The evening segment of the program was all entertainment.  Dr. Neutron and his sidekick were there, performing with hoola hoops and explaining the constructs of elements like hydrogen and oxygen and their molecular attractions using the hoops.  There were physicists doing standup, yes science standup, sharing their love for Feynman and presenting their own comedic insight on the Theory of Least Action.  Grace Petrie performed a very touching and moving song, using the words of Feynman himself, from a love letter he wrote for his first wife Arlene after her death from tuberculosis years earlier.  Marcus Chown, the author behind ” We Need to Talk About Kelvin” relayed stories of what he directly learned from Richard Feynman, as he was enrolled in his classes at Cal Tech.  Even Feynman’s famous Lock Picking course.  Tamsin Edwards presented her life’s work following in the footsteps of Feynman from being an artist, to becoming a physicist, to going to Brazil and playing with the local samba schools. There was a segment of images of the Aurora Borealis accompanied by a harp player, and that served as an homage to both Richard Feynman and his sister Joan, who is a pioneer in her own right when it comes to the Northern Lights.  The show went on and on, and from the audience to the presenters on stage, there was one constant, and that was that we were all here today for a special man, who had a special way of thinking, in all its uniqueness, craziness and genius.

To conclude, it was an inspiring day for me to see and hear people who also were inspired by Feynman. Bloomsbury theatre hosts many events, a day before, it was Charles Darwin’s birthday, and it was a full performance as well and ended with Richard Dawkins as a speaker!  I wish I had known about it as it would have been a full weekend of festivities. I recommend checking their website for the upcoming events and maybe even next year’s birthday festivities.  After all, Feynman’s legacy will be with us for many more generations to come. Happy Birthday Richard Feynman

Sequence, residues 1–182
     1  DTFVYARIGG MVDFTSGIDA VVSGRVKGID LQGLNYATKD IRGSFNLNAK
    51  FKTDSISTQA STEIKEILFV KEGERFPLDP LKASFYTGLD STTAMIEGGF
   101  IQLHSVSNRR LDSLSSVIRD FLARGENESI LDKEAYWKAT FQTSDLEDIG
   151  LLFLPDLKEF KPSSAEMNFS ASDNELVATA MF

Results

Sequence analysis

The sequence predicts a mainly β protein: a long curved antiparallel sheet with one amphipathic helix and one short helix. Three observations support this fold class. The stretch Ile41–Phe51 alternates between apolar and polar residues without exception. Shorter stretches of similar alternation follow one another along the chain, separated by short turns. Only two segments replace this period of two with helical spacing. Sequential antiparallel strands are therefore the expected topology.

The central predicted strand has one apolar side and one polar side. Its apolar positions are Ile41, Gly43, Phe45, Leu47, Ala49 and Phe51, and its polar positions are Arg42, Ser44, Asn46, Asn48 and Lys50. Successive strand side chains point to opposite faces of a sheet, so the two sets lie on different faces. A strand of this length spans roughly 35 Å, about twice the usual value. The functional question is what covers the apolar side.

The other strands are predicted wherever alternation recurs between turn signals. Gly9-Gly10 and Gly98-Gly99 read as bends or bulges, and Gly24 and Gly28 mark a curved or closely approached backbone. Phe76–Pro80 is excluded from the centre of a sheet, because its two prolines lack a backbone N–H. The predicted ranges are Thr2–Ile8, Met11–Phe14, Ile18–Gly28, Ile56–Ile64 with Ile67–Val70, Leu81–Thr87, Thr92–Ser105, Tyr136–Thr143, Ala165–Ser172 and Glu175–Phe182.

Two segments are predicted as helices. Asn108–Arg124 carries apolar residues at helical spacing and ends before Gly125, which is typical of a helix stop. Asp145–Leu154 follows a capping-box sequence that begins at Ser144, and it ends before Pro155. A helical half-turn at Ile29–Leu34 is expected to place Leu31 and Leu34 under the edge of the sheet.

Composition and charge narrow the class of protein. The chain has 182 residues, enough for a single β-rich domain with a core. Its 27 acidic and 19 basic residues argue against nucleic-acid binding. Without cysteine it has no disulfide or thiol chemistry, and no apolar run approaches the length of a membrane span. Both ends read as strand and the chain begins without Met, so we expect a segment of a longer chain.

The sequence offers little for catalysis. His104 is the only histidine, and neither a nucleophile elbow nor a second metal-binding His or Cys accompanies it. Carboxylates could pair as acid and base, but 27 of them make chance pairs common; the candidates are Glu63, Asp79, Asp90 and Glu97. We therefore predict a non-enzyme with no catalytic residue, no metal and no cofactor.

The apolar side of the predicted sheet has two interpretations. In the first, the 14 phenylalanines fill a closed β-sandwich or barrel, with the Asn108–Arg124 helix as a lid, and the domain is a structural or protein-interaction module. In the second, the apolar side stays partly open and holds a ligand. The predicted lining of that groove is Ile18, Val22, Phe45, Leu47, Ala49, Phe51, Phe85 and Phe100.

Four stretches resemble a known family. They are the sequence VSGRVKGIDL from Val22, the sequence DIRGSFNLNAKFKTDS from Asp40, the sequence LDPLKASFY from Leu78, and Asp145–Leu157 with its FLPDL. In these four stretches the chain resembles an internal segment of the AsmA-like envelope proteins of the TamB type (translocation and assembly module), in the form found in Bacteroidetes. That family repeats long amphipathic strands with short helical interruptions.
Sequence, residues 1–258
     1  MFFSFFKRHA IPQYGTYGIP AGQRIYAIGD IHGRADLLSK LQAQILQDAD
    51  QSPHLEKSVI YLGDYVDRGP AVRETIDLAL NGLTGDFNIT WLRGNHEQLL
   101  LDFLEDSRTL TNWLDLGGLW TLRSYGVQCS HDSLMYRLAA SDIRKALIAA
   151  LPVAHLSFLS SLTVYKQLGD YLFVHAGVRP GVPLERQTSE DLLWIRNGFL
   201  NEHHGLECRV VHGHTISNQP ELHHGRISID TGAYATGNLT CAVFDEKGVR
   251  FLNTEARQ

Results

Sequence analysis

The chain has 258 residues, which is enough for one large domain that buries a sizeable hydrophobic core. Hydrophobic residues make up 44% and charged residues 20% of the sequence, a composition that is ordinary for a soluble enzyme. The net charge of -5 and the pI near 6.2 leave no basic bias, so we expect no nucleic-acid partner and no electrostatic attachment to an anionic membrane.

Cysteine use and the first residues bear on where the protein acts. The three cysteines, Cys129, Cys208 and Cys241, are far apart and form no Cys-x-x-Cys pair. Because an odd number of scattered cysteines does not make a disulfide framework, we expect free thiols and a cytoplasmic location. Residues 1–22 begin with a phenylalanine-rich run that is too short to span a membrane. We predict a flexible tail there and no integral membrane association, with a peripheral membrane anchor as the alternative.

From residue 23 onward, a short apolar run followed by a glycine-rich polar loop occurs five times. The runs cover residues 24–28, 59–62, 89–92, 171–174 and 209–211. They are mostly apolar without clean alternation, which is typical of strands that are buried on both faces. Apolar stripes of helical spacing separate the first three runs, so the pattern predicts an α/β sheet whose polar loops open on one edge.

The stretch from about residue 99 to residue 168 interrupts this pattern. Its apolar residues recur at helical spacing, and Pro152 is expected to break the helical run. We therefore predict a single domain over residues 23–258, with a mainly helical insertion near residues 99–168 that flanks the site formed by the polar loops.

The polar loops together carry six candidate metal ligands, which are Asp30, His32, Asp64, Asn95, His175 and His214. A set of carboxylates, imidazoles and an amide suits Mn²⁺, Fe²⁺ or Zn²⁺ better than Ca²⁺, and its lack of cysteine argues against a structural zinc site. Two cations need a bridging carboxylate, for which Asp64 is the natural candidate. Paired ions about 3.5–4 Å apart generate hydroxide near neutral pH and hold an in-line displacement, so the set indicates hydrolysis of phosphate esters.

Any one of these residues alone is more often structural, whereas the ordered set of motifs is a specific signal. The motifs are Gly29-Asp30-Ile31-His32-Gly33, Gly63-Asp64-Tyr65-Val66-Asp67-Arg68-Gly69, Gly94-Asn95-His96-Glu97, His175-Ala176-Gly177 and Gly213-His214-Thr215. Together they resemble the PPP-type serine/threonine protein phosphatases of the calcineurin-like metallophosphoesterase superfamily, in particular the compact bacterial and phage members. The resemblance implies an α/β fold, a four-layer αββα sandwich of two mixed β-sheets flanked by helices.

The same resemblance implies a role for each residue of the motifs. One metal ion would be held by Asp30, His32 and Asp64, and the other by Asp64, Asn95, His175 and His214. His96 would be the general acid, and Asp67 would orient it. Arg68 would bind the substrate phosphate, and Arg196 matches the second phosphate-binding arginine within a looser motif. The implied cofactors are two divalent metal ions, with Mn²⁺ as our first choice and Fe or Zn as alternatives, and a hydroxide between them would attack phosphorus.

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Articles: The Rationalist Way of Death

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The Billboard: George Clooney


Video: Baloney Detection Kit – Dr. Michael Shermer (Arabic subtitled)

Music: Bjork – Hyperballad

Video: Mary Roach – 10 things you didn’t know about orgasm

Articles: 10 Animals That Practice Homosexuality

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The Billboard: Leonardo Da Vinci


Video: The Pale Blue Dot – Carl Sagan